The former president of Burkina Faso Blaise Compaoré has been sentenced to life in prison for his role in the 1987 assassination of Thomas Sankara, his predecessor and one time ally.
The courtroom in Ouagadougou exploded into applause when Compaoré’s sentence was handed down, marking an end to a 35 year struggle for justice.
Sankara was an icon of Pan-Africanism who seized power at the age of 33 following a coup orchestrated by his friend Compaoré.
The charismatic young leader won admiration across the continent for his socialist policies and defiance of the West.
He led a programme of land redistribution and nationalisation which was hailed across the world and transformed one of the world’s poorest countries.
He was, however, accused of human rights abuses of his opponents as well as undermining the country’s freedom of the press.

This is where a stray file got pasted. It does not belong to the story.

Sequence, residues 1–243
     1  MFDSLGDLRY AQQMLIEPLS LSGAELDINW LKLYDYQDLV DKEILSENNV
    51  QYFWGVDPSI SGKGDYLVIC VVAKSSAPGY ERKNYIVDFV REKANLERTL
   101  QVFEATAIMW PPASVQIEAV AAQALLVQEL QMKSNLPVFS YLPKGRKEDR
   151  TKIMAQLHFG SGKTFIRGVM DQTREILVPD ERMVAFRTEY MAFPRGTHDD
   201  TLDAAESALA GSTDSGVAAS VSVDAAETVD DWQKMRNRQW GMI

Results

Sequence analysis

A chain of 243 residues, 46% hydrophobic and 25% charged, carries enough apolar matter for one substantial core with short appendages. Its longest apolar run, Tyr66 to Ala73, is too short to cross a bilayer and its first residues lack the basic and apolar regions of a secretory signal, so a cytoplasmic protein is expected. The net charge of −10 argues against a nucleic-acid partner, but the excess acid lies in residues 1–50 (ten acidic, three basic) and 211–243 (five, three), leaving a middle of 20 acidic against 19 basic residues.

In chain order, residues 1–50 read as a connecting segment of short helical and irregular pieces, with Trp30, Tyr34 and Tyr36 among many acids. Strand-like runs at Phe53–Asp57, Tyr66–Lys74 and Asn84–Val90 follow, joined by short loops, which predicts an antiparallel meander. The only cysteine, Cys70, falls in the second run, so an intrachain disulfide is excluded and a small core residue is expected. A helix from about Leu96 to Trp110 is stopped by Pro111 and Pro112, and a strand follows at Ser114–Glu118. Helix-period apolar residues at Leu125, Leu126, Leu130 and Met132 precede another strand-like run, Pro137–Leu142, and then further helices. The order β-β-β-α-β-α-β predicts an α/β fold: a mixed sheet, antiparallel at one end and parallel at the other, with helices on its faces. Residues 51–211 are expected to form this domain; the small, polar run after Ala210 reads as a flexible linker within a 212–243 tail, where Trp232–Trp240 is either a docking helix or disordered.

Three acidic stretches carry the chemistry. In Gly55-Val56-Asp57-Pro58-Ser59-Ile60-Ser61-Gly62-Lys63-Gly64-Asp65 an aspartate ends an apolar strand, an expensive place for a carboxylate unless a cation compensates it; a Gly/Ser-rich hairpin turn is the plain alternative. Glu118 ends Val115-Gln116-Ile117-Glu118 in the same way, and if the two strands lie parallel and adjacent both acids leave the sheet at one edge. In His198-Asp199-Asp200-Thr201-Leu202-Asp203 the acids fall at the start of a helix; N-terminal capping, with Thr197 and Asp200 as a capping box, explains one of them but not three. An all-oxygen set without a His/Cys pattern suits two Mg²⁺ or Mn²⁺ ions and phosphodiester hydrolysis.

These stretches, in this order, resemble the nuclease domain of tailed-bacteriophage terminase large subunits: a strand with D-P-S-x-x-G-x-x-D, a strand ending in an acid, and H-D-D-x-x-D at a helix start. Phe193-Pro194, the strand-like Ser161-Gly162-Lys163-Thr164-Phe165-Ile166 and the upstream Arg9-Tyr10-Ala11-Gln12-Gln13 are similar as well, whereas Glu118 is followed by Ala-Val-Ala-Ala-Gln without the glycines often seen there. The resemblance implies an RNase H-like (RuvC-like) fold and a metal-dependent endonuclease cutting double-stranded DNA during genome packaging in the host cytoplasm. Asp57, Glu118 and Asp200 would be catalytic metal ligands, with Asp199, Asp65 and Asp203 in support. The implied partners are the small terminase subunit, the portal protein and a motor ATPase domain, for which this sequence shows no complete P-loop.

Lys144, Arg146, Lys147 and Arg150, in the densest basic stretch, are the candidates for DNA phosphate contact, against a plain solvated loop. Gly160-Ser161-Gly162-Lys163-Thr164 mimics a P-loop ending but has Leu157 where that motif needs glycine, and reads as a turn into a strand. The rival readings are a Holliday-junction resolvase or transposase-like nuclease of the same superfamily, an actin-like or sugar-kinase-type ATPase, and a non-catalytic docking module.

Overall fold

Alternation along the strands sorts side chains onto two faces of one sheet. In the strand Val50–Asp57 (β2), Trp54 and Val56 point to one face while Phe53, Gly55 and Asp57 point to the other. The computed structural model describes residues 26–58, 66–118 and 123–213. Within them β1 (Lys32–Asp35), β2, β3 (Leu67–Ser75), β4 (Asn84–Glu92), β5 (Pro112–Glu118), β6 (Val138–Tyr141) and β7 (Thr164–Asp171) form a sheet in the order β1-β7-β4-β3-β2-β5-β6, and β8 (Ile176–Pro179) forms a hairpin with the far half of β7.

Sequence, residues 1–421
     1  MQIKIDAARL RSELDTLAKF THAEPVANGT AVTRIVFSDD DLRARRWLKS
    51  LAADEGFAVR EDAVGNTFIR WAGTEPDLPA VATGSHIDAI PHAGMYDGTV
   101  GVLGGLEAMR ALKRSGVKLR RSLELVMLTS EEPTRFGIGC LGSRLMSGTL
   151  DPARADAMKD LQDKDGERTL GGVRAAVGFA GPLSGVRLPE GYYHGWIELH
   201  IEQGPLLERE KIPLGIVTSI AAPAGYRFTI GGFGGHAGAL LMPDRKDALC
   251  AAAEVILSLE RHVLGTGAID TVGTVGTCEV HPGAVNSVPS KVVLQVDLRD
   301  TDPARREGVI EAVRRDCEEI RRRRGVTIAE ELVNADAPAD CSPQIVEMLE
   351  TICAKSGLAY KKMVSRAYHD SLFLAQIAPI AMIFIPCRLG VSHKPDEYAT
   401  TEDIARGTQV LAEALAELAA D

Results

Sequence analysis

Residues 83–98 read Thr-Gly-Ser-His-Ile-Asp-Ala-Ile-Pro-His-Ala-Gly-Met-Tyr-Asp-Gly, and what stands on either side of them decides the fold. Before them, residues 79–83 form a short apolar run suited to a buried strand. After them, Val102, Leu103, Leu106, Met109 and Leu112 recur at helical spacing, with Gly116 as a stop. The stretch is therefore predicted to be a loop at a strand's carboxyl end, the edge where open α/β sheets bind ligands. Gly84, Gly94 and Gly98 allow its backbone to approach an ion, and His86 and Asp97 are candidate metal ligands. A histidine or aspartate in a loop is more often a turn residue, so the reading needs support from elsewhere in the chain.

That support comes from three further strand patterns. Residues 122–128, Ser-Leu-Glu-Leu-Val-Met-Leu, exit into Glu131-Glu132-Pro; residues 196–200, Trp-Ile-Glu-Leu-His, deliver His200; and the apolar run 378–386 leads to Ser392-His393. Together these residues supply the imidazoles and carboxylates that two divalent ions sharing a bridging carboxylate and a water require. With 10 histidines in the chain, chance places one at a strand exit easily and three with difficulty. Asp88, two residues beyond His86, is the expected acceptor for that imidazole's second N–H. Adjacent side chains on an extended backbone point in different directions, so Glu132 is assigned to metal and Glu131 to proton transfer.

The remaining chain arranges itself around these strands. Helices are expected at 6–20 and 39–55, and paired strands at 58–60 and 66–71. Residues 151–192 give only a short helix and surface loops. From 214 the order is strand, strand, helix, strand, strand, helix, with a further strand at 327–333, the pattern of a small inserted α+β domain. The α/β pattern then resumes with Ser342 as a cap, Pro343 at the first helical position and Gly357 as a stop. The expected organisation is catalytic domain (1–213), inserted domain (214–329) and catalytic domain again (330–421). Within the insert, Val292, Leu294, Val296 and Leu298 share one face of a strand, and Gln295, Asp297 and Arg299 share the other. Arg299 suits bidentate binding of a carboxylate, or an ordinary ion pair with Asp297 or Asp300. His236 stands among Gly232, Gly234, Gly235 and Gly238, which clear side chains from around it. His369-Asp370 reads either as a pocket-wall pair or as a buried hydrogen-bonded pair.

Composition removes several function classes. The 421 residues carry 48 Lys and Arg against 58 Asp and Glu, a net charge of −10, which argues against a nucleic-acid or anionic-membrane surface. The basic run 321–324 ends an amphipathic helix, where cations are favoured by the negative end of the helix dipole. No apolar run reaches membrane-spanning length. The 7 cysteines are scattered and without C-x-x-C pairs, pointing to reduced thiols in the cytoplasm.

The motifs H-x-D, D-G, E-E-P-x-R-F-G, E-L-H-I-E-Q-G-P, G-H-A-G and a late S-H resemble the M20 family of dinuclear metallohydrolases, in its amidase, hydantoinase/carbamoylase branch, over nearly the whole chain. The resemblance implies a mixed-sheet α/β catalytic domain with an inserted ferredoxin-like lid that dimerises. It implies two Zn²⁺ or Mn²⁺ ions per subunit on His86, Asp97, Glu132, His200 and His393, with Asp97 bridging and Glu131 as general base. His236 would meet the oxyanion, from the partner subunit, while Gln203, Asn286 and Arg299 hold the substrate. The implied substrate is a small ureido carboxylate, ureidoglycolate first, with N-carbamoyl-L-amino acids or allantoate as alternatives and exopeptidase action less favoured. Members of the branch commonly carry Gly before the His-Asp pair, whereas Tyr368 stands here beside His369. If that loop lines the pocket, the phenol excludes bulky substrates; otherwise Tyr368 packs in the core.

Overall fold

After four years in power, he was gunned down alongside 12 others at a party meeting in Ouagadougou. The assassination was part of a coup which saw Compaoré, the man who had made Sankara president, rise to power in his place.
Once in charge, Compaoré reversed the nationalisations Sankara put in place and rejoined the World Bank, undoing his predecessor’s political legacy.
For the remainder of his dictatorship, Compaoré avoided questions over Sankara’s death, and repeatedly refused to sanction the exhumation of his corpse to investigate his killing. This led to questions over the president’s role in his killing.
In 2014, Compaoré was overthrown by a popular coup and he fled to Côte d’Ivoire, where he remains in exile.
He is not expected to serve his prison sentence any time soon, as Côte d’Ivoire has repeatedly refused requests from Burkina Faso to extradite him.